Eric Alterman writes in The Nation that the right wing has made a lot of noise — and money — by labeling liberals as “elitists” without bothering to notice that when it comes to being elitists, the Republicans have no peer.
In observing the members of the conservative elite denouncing “elitists,” it can be difficult to tell your players without the proverbial scorecard. For instance, radio talk-show host and former conservative cable host Laura Ingraham has written an entire book about the dangers posed by liberal elites, Shut Up and Sing: How Elites From Hollywood, Politics, and the Media Are Subverting America. In it, this daughter of a Connecticut lawyer, a graduate of Dartmouth and the University of Virginia Law School who now lives in an expensive home in Washington, DC, distinguishes between liberal elitists and those she terms “true Americans.” She begins her treatise by explaining who these “elite Americans” are and what they think: “They think we’re stupid. They think our patriotism is stupid. They think our churchgoing is stupid. They think our flag-flying is stupid. They think having big families is stupid. They think where we live–anywhere but near or in a few major cities–is stupid. They think our SUVs are stupid. They think owning a gun is stupid. They think our abiding belief in the goodness of America and its founding principles is stupid.”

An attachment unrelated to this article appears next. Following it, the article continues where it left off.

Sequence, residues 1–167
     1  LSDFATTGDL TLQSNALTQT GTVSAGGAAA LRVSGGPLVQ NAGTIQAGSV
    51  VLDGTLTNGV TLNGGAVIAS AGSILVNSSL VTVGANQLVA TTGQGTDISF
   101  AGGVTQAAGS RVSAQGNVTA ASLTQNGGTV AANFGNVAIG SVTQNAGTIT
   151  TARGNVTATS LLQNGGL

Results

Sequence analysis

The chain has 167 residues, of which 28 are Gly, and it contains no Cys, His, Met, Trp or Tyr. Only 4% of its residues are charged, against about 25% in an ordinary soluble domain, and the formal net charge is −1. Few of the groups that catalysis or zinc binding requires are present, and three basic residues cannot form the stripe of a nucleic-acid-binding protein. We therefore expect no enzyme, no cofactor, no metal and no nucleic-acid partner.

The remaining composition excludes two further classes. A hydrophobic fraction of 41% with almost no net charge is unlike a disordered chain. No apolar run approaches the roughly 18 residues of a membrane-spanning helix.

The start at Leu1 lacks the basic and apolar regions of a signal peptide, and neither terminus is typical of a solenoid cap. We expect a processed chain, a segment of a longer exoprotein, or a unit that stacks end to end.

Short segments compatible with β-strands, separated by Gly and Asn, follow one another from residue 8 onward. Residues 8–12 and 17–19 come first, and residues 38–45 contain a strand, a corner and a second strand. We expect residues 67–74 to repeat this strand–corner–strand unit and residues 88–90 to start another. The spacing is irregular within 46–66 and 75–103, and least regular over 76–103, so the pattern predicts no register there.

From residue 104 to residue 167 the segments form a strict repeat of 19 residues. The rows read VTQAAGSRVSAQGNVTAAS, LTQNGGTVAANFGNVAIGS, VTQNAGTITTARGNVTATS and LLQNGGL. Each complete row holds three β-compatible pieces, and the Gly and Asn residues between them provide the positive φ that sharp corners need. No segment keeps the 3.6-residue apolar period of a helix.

In red-state America, explains the slumming blue stater David Brooks, “the self is small”; whereas in blue-state America, “the self is more commonly large.” Unlike the citizens of the states that voted for Al Gore, according to Andrew Sullivan, they can even be trusted not to betray their country on behalf of Islamic terrorists. Yet while unelite America is wonderful in every way, it’s just not a place where Laura Ingraham or Rush Limbaugh or Bernard Goldberg or Ann Coulter or John Podhoretz or Newt Gingrich or Peggy Noonan or Andrew Sullivan or David Brooks would ever choose to live.
Of course, this glaring hypocrisy never got in the way of exploiting the red-staters for their votes, their money, or their sons and daughters in the military.
Read the whole thing; there’s a lot more, including an excellent analysis about the way the Republicans have managed to make the word “elite” mean whatever they want, even if it makes no sense whatsoever. What Mr. Alterman makes clear is that so far the Democrats have failed miserably at calling out the GOP on this blatant charade, letting them get away with it at every turn. Perhaps it’s because it seemed so preposterous that anyone could take them seriously, that the sham would be so glaringly obvious that even P.T. Barnum wouldn’t try it; but then, we’re talking about an electorate that bought the idea that an Andover-Yale-Harvard educated scion of a patrician Connecticut family was the anti-elitist.